Spread out loads –

Think even

throughout week

throughout day

Use low water level setting for small loads

Keep lint out of system

Soap Powdered – Not recommended Inorganic fillers Fine particles Clay as filler Recommend Liquid Filler - water Only amount needed Detergents w/ bleach Bleach – limit to ‘as needed’ Limit use of liquid fabric softeners

Powdered – Not recommended

Inorganic fillers

Fine particles

Clay as filler

Recommend Liquid

Filler - water

Only amount needed

Detergents w/ bleach

Bleach – limit to ‘as needed’

Limit use of liquid fabric softeners

Water softener recharge water Does not require treatment Impact : Adds water Reduces scum layer- grabs it, takes into drainfield Salt – can affect concrete (tank) Management – Discharge to different place old drainfield/cesspool Reduce recharge frequency

Does not require treatment

Impact :

Adds water

Reduces scum layer- grabs it, takes into drainfield

Salt – can affect concrete (tank)

Management –

Discharge to different place old drainfield/cesspool

Reduce recharge frequency

Softener Recharge Solution Example Flex Tube Grass Soil Landscape Fabric River rock

Flex Tube

Grass

Soil

Landscape Fabric

River rock

Other Sources of Water That Can Overload a System (and don’t need treatment) Sump pump/tile line discharge Lead or other water filters Dehumidifier discharge High efficiency furnace discharge Eves trough runoff Dripping faucets/”running toilets” Any other sources?

Sump pump/tile line discharge

Lead or other water filters

Dehumidifier discharge

High efficiency furnace discharge

Eves trough runoff

Dripping faucets/”running toilets”

Any other sources?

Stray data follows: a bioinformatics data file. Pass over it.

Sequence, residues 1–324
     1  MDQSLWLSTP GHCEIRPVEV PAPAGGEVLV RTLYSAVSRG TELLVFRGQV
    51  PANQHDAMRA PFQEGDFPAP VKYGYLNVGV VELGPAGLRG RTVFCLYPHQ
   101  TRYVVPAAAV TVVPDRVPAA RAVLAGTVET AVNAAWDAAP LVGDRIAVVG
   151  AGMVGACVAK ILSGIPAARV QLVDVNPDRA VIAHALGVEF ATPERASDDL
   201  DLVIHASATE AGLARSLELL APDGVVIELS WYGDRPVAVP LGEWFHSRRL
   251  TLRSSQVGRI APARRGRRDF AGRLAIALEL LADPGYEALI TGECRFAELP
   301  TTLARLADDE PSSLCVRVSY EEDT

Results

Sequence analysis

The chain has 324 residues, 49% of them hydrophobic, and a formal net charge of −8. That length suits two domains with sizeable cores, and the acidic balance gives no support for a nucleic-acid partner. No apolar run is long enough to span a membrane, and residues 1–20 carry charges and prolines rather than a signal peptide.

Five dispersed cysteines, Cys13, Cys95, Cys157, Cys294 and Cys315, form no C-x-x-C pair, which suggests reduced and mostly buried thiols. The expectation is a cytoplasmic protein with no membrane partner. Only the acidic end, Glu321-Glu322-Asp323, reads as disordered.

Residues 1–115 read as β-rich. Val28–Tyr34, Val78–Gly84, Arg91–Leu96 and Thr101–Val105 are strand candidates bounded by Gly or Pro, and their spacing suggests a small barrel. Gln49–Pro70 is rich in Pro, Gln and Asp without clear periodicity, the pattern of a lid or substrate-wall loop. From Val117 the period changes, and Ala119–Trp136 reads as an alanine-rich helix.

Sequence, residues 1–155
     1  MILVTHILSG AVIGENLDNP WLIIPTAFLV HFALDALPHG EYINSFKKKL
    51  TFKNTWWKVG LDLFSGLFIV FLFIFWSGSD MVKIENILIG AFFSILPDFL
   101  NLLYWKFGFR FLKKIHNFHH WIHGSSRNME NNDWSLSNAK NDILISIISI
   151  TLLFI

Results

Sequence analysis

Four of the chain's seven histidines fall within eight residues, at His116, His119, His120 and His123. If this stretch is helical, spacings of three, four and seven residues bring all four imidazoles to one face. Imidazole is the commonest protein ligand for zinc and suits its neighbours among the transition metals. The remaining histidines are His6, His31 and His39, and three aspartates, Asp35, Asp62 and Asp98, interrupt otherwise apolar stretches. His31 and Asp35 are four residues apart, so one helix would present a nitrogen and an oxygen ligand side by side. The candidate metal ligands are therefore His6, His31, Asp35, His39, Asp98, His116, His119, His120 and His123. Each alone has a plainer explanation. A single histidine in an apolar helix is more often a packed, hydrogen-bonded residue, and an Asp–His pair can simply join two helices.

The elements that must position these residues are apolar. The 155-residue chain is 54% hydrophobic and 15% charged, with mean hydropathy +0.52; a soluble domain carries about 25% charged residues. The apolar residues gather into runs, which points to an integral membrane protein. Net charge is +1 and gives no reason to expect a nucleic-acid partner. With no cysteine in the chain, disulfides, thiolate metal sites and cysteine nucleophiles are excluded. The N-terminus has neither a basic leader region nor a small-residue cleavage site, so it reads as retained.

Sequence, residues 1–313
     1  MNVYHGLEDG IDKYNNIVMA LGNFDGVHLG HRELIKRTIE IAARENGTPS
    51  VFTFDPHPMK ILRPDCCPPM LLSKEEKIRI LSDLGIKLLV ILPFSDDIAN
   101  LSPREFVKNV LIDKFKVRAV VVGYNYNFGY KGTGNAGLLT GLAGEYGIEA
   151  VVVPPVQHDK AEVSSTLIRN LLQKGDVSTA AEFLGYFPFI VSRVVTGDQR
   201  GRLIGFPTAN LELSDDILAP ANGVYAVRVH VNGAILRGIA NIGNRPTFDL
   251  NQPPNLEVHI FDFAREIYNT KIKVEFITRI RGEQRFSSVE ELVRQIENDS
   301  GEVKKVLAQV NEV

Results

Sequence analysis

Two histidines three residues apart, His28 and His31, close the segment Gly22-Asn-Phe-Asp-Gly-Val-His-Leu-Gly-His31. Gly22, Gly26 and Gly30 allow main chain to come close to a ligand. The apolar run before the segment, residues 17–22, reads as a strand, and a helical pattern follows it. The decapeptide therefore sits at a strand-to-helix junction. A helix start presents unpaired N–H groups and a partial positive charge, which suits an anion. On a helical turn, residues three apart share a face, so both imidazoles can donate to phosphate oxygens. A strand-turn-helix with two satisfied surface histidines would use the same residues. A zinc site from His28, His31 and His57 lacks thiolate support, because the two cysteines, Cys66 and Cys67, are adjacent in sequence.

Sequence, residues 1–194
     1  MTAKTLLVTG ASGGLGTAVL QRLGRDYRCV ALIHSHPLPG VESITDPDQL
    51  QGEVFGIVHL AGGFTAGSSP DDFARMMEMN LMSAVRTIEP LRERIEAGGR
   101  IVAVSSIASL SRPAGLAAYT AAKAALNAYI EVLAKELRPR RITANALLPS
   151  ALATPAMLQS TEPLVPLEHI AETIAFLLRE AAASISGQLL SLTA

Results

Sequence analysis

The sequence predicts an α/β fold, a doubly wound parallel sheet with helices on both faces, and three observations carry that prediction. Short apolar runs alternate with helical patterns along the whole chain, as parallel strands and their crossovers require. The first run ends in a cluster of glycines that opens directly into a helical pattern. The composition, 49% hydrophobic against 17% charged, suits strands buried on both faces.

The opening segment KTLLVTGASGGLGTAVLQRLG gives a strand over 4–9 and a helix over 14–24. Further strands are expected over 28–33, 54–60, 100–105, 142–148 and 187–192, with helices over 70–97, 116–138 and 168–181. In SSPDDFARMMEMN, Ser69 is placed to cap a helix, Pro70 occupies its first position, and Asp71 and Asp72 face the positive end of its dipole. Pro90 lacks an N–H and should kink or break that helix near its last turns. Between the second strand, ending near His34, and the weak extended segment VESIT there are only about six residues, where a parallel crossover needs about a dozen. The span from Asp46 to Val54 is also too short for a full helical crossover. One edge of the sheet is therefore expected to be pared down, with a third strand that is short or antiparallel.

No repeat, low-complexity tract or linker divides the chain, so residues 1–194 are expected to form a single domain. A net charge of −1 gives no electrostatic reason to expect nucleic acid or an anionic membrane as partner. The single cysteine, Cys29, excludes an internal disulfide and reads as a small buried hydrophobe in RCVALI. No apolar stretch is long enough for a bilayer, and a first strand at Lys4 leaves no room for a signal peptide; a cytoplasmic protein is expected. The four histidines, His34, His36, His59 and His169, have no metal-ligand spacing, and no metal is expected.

Odors Outside : Pump tank– solves most Still? Raise vent stack Charcoal filter on stack Inside : Plumbing problem May be frozen vent or dry trap

Outside :

Pump tank– solves most

Still? Raise vent stack

Charcoal filter on stack

Inside :

Plumbing problem

May be frozen vent or dry trap

Continual traffic is a problem

Soil Treatment System Maintenance Compaction is BAD – keep traffic off system Establish vegetative cover - Grass, mow regularly, no fertilizer, no deep rooted plants near system. Watch for gophers! Inspection pipes can be cut to ground level after finished grade is established

Compaction is BAD – keep traffic off system

Establish vegetative cover - Grass, mow regularly, no fertilizer, no deep rooted plants near system. Watch for gophers!

Inspection pipes can be cut to ground level after finished grade is established

Soil Treatment System Maintenance Replace cracked or missing inspection pipe caps Channel rain and snow melt runoff away from drainfield Inspect regularly for changes

Replace cracked or missing inspection pipe caps

Channel rain and snow melt runoff away from drainfield

Inspect regularly for changes

 

 

 

Freezing of Septic Systems Causes of Freezing – lack of cover, compaction, irregular system use, leaking plumbing, cold air into system, poor drainage Remedies – figure out why and where; fix the problem (or use tank as a holding tank) Prevention – Let your grass grow, mulch (or styrofoam), use extra warm water, fix leaks

Causes of Freezing – lack of cover, compaction, irregular system use, leaking plumbing, cold air into system, poor drainage

Remedies – figure out why and where; fix the problem (or use tank as a holding tank)

Prevention – Let your grass grow, mulch (or styrofoam), use extra warm water, fix leaks

Landscaping

Photo: Look for greener stripes

Installation Flexibility

 

 

Questions? http://septic. umn.edu (no www in front) “Info for Homeowners” or “Publications” (on right side of page)

System type depends on the soil redoximorphic features